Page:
Google Voice apps suggest App Store changes working
In the immediate aftermath of Apple’s recent changes to its App Store policies, the prevailing attitude was one of “wait and see.” To many critics, the changes sounded positive enough, but Apple’s often cavalier attitude had made them cautious. Less than two weeks after the change, though, there are already signs that Apple has turned over a new leaf—previously persona non grata in the App Store, Google Voice may turn out to be the prodigal son.
When Apple announced its App Store changes earlier this month, hope for Google Voice was reignited. GV Mobile developer Sean Kovacs reported that he was invited to resubmit his application to the store, and last week the first third-party Google Voice app, GV Connect, appeared for download. GV Mobile followed shortly thereafter.
Google’s telephony service, which lets users take advantage of digital voicemail, the ability to ring multiple numbers simultaneously, and free texting, was unceremoniously booted from the App Store last year. Apple pulled several existing third-party applications, such as GV Mobile, GVdialer, and VoiceCentral, giving only a vague excuse about “duplication of features.” It was one of the first hints that the previously solid relationship between Google and Apple was beginning to show signs of strain.
Not long after that, it came to light that Google had at some point submitted its own iPhone client for Voice, which initial reports said had been rejected from the App Store. The plot thickened when the Federal Communications Commission investigated the allegations; Apple posted an open response to the FCC in which it claimed it was “continuing to study the Google Voice application.”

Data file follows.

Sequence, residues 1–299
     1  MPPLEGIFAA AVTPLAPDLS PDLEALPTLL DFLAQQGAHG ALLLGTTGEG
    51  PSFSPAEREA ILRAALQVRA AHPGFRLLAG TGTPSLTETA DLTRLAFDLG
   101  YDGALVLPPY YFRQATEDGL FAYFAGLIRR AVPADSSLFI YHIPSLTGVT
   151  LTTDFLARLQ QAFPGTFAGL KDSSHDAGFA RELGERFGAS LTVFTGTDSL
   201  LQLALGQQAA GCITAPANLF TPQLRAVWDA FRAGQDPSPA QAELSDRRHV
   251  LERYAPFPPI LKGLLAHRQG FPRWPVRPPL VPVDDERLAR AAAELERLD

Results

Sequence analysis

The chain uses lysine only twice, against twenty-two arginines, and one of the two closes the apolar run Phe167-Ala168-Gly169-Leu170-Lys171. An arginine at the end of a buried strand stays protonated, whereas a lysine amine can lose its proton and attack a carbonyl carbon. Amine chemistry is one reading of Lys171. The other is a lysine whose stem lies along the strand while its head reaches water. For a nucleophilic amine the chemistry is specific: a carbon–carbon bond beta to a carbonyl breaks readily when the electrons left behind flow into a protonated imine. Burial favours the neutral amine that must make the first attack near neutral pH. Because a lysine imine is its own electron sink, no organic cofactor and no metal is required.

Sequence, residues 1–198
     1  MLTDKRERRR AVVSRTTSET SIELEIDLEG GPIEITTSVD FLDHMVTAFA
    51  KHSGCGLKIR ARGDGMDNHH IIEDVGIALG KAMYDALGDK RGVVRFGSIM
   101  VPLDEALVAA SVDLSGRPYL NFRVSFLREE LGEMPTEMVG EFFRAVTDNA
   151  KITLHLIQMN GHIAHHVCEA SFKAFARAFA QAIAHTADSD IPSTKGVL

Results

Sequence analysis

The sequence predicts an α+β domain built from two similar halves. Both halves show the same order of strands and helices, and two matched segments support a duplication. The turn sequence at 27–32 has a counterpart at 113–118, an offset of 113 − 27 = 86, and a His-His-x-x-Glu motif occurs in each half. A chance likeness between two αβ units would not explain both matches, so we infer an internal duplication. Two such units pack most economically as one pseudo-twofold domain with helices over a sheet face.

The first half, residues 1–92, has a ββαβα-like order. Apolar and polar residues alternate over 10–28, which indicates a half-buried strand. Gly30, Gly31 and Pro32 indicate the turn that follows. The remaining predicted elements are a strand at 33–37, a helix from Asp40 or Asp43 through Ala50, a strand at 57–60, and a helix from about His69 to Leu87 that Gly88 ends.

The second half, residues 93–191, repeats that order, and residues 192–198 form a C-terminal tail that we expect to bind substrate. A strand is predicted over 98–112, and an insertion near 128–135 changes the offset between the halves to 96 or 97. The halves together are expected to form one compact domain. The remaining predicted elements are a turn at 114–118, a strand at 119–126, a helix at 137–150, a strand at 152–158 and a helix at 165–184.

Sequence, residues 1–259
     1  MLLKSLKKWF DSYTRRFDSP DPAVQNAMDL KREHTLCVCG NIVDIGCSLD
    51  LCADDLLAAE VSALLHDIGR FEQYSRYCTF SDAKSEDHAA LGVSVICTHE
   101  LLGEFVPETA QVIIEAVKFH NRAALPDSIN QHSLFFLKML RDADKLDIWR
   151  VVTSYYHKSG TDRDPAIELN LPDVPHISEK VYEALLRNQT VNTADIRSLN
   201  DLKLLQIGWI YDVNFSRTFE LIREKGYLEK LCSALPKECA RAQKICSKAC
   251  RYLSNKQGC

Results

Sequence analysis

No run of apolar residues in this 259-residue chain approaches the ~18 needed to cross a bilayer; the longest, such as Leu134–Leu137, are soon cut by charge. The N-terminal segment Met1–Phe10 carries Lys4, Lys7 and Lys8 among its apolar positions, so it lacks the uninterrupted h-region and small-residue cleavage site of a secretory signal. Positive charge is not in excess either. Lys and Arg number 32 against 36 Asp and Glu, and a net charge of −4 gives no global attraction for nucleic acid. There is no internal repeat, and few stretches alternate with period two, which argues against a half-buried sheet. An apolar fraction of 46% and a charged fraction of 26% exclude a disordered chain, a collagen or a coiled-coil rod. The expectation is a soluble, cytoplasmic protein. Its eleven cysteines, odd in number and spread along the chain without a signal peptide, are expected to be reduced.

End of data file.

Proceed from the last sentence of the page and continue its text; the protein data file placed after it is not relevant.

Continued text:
Google’s own response to the FCC investigation had contained a redacted section which the company later unredacted and published. It stated that Apple senior vice president Phil Schiller had personally called Google senior vice president Alan Eustace and told him that the app was rejected. The softly creaking sounds of strain between Google and Apple were now punctuated by the first sharp cracks.
Yet those expecting an outbreak of open hostilities found none: Apple and Google went blithely about their separate ways; Google even released an HTML5 Web app interface for Google Voice in January. Little more was said about Google Voice—beyond the increasingly rare “Whatever happened to it, anyway?” comments.
Of course, the elephant in the room is Google itself. Will Apple’s new rules extend to cover a company that has more and more positioned itself as a major competitor? There may yet be hope; Apple’s recent changes also backpedaled in another area of contention between the two companies: analytics.
Earlier this year, Apple changed its rules to prohibit third-party applications from distributing analytics info the ad networks besides Apple’s own iAds, a move some saw as retribution for the fact that Google had snapped up mobile advertiser AdMob, which Apple had been in the market to buy. But the alterations to the rules appear to unfetter competitors once again, and Google itself has been positive about the move.
It’s unclear as to whether or not Google has or will resubmitted its Google Voice application to the App Store. A Google spokesperson that Macworld reached for comment said only, “We currently offer Google Voice mobile apps for Blackberry and Android, and we offer an HTML5 web app for the iPhone. We have nothing further to announce at this time."
However, now that Apple’s approved a pair of third-party apps for Google Voice, it would seem to be in a bind regarding an official, first-party client: if Google’s were to submit an app that didn’t get approved, Apple would have some tough questions to answer. In the meantime, the app remains in limbo, along with Google and Apple’s relationship.
Product mentioned in this article
Amazon Shop buttons are programmatically attached to all reviews, regardless of products' final review scores. Our parent company, IDG, receives advertisement revenue for shopping activity generated by the links. Because the buttons are attached programmatically, they should not be interpreted as editorial endorsements.